By Zach Gewelb
The Mets finally have a chance to see what the team — and fans —have envisioned for years: all five of their vaunted starting pitchers in the rotation at the same time.
The fearsome fivesome of Noah Syndergaard, Jacob deGrom, Matt Harvey, Steven Matz and Zack Wheeler took a turn together in the rotation last week for the first time and the results have given the Mets a reason to be excited.
Matz tossed five innings of one-run ball — an unearned run — against the Nationals. Harvey surrendered four runs in five innings the following day against Washington. Syndergaard pitched six innings of two-run ball against Miami. The next game, deGrom allowed four runs in six innings and Wheeler followed with seven innings, giving up only one run against Miami.
The totals: 29 innings pitched, 26 hits, 10 earned runs — good for a 3.10 ERA — seven walks and 28 strikeouts in the five game stretch. Most importantly, the Mets won all five games.
You can’t question those results.
This group has always had the potential to perform like this. But injuries have gotten in the way, which is why the five pitchers have never taken a turn in the rotation together before now.
Now the question is: can they keep it up?
To start, it’s a long shot that this group stays together as currently constructed. The Mets signed veteran southpaw Jason Vargas as a free agent this offseason to join the rotation. A Spring Training injury to his non-throwing hand has kept him sidelined for the time being, but he’s set to return soon. The Mets are paying Vargas $16 million for the next two seasons, which makes it unlikely the team will move him to the bullpen. When he completes his rehab assignment and proves he’s ready to go, Vargas will likely join the rotation.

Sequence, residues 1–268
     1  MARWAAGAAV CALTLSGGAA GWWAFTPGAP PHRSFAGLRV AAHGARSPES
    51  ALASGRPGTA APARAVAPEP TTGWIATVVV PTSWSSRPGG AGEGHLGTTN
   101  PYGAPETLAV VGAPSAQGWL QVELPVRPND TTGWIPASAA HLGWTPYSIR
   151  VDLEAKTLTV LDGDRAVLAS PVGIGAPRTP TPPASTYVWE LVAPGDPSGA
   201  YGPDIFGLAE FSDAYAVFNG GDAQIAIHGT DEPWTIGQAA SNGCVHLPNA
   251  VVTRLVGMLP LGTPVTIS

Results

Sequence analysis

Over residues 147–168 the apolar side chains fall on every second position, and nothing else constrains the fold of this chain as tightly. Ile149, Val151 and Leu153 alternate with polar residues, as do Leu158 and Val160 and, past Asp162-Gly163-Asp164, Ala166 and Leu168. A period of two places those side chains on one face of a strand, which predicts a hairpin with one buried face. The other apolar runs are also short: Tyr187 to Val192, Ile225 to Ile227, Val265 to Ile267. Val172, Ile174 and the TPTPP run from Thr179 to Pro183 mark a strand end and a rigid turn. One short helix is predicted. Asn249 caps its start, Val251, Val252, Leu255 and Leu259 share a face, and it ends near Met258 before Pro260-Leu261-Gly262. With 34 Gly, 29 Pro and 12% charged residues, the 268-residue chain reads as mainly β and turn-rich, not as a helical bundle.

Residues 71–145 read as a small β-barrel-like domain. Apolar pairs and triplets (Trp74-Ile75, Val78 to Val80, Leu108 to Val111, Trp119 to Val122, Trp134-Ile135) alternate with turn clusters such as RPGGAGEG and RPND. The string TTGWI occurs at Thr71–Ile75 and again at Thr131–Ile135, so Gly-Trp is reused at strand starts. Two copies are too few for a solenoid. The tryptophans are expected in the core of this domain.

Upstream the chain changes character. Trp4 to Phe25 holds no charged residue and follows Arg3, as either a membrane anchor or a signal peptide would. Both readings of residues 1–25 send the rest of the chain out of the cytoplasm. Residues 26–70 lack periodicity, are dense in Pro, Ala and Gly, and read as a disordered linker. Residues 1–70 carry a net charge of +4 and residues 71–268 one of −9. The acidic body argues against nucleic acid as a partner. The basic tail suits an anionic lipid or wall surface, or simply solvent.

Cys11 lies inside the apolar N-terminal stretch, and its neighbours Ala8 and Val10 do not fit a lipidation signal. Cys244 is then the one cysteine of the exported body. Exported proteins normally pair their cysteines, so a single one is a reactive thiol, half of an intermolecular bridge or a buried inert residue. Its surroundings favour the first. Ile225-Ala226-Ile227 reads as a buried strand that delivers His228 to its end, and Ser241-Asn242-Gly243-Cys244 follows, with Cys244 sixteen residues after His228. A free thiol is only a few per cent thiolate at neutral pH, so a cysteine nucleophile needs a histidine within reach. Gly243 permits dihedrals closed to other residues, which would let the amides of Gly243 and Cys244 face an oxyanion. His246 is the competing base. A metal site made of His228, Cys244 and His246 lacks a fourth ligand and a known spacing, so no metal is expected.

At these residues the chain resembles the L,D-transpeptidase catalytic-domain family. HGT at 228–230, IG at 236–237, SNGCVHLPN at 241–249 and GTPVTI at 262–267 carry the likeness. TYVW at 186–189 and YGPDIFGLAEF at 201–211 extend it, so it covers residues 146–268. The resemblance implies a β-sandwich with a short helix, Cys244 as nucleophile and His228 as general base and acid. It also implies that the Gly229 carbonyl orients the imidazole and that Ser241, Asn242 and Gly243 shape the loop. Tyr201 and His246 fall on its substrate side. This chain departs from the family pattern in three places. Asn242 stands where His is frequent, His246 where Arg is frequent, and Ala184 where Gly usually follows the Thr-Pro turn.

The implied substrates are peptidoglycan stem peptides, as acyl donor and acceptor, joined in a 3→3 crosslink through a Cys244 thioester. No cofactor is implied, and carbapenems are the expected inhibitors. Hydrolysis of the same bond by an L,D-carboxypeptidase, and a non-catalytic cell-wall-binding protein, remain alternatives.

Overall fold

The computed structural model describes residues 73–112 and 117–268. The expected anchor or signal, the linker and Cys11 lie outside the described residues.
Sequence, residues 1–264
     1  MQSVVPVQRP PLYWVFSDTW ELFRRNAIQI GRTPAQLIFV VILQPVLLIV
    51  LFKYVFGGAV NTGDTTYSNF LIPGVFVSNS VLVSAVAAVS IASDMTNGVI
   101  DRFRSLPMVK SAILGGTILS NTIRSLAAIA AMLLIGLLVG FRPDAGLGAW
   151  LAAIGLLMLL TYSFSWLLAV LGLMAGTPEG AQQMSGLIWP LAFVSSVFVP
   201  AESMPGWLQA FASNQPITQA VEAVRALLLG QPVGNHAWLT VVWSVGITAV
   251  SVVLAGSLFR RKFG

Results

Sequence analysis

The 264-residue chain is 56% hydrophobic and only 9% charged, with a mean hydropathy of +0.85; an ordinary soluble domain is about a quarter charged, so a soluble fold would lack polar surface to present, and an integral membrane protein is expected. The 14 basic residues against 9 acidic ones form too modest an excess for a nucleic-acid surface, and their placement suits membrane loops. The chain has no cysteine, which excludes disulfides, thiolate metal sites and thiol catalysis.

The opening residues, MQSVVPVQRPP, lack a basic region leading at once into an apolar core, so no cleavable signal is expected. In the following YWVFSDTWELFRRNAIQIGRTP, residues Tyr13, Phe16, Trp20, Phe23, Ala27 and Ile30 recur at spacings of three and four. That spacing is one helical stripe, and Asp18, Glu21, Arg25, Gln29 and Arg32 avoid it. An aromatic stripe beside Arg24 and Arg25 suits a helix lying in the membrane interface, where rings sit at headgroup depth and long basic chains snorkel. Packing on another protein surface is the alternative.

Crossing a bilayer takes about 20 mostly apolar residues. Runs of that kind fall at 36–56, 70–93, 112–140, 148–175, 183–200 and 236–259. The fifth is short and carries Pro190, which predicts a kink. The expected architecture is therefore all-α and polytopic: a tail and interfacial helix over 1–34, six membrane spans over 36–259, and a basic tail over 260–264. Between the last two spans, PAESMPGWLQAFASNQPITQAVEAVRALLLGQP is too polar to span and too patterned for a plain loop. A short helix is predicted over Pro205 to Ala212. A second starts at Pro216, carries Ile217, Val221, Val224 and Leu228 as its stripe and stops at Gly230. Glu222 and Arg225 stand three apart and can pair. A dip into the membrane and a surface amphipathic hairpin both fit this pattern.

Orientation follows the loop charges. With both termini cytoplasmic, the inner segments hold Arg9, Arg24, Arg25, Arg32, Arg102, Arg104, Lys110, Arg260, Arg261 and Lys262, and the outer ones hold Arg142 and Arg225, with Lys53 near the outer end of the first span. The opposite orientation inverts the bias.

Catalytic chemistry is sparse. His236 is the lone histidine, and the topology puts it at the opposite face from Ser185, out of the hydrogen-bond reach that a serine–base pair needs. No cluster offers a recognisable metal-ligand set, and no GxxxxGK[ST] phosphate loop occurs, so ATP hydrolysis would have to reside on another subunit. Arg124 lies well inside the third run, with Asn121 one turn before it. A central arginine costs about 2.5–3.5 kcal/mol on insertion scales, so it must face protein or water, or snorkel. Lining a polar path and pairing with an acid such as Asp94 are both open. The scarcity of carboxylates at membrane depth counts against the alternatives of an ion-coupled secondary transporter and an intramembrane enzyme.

Even if Vargas wasn’t around, the Mets also have Seth Lugo and Robert Gsellman as starting caliber pitchers. Right now, they’re both pitching out of the bullpen, and can be called on to start in a moment’s notice.
And then there’s the injury concern.
Harvey has had trouble staying healthy since his 2013 Tommy John surgery. He returned in 2015 and pitched well, but broke down in 2016 and 2017 with other injuries that have also limited his effectiveness.
Wheeler also missed more than a season due to Tommy John surgery and Matz has had elbow and arm issues. While deGrom has been the most healthy of the bunch, he, too, had Tommy John surgery when he was a minor league player in 2010.
Every pitcher has injury risk. But given the history of these pitchers, it’s easy to wonder how long there will be stability in the Mets’ rotation.
So while it’s nice to see this group pitch together, don’t be surprised if the rotation looks a little different later in the season. But for now, enjoy the show. Because if these pitchers stay healthy and pitch to their potential, the Mets will be a force to be reckoned with this season.
Reach reporter Zach Gewelb by e-mail at zgewe